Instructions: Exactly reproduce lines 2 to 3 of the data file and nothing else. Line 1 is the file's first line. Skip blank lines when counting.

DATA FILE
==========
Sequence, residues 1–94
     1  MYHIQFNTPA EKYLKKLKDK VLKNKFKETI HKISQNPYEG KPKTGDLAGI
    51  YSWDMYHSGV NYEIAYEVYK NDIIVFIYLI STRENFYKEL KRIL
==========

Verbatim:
     1  MYHIQFNTPA EKYLKKLKDK VLKNKFKETI HKISQNPYEG KPKTGDLAGI
    51  YSWDMYHSGV NYEIAYEVYK NDIIVFIYLI STRENFYKEL KRIL